Atlantic City memorial honoring World War II hero to be unveiled on 80th anniversary of D-Day

May 27, 2024

ATLANTIC CITY, NJ (May 27, 2024) – Marco Polo Smigliani described his longtime friend and World War II hero Bernie Friedenberg as someone with the heart of a lion despite being short in stature.

“Bernie Friedenberg and I were friends for over 25 years,” said Smigliani, who is the chair of the Friends of Bernie Friedenberg Committee. “I think soaking wet, he weighed 125 pounds. Nobody wanted him, but he was very determined. Eventually, the Army took him as a medic. He was in every battle once he got over there, and although he was a small guy, he was a giant on the inside.”

So when Friedenberg died in 2018 at 96, his daughter Susan Friedenberg approached Smigliani about honoring her father’s legacy with a statue, an idea Smigliani was instantly on board with.

After 1,800 days, the memorial will be unveiled in O’Donnell Memorial Park at noon June 6, the 80th anniversary of the D-Day invasion.

“This is a labor of love,” Smigliani said. “This is about all of the sacrifices those who came before us made to allow us to stand here today and have all of the wonderful things we enjoy in this country. Freedom is not free, and they paid a big price for it.”

World War II veterans, Gold Star Mothers of America members and families of veterans are expected to participate in the festivities. Attendees also will be treated to a military flyover by the 177th Fighter Wing of the New Jersey Air National Guard and hear remarks from several speakers, including Susan Friedenberg and retired Maj. Gen. John Hussey.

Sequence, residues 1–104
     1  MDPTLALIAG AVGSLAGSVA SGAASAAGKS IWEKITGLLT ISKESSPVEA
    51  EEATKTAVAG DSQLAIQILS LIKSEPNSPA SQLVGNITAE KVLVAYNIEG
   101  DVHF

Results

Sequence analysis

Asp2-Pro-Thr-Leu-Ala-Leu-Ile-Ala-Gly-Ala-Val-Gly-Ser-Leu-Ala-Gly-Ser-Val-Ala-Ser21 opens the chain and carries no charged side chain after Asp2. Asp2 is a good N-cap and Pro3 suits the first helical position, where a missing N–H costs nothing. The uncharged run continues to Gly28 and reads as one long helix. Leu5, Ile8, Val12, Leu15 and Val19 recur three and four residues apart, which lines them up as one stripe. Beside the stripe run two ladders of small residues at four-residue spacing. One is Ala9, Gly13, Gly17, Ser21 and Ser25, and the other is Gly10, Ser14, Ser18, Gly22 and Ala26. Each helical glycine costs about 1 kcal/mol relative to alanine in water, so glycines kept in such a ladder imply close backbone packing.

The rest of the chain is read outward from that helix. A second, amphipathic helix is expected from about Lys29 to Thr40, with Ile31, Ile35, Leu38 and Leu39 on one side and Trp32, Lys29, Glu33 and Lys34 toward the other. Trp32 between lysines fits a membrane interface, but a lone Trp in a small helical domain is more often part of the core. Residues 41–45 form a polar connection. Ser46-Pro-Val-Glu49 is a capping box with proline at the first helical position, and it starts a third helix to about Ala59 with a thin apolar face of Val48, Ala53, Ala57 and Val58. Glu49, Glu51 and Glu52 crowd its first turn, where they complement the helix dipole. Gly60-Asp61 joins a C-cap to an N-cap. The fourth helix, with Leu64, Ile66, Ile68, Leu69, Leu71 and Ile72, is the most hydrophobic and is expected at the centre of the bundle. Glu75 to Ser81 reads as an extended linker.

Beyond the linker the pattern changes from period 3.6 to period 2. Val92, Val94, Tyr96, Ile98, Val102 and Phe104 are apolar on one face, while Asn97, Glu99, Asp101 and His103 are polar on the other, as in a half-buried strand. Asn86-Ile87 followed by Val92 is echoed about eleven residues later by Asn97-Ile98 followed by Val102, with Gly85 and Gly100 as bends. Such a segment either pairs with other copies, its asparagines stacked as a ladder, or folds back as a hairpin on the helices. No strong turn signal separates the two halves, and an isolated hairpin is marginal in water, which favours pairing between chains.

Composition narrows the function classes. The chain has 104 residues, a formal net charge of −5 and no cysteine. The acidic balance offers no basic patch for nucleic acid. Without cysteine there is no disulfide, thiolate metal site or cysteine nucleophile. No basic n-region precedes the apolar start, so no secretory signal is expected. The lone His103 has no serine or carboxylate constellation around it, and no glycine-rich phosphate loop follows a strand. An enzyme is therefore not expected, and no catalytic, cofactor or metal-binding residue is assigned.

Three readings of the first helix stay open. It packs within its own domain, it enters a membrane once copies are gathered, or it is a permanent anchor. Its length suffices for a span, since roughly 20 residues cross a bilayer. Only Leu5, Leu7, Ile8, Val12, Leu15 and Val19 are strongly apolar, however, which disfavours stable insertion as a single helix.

“It’s going to be a cool event,” said retired Gen. Doug Satterfield, co-chair of the committee. “The ceremony will be very patriotic. You don’t have to be a veteran to attend, and it’s free, so please come out and have a great time.”

The bronze statue, designed by Pennsylvania-based Fisher Sculpture, weighs 3,500 pounds and depicts Friedenberg holding a wounded soldier in his arms on Omaha Beach during the D-Day invasion in 1944.

Smigliani used the radio and word of mouth to gather donations for the project, which originally cost $250,000 but skyrocketed to $1 million when Smigliani asked for changes.

“Originally, it was a simple statue,” Smigliani said. “Then I asked Tom Skyes from SOSH Architects if he could embellish it a little bit. He came up with a monument and the price jumped up to $1 million. We’ve raised over $1 million, and we’re still looking for funds to cover some other expenses.”


Smigliani has been involved in other veteran projects across the area. However, he said getting this memorial built was the most challenging of them all as COVID-19 and supply chain issues hindered the project.

“COVID hit right when we started fundraising, so that hurt us because we had to get $1 million,” Smigliani said. “There were so many problems and red-tape obstacles. We were committed to push through it all though and get it done.”

Surrounding the Freedom Circle, where the statue was installed, are more than 28 granite inlays of each major battle during the war.

Future plans include adding an educational element to the memorial in hopes of bringing in students from local schools and Stockton University, Satterfield said.

“There is going to be engraving around the base of the memorial, and we’ll have kiosks at some point down the road,” Satterfield said. “We’re short both time and money, so a lot of that stuff is going to come later.”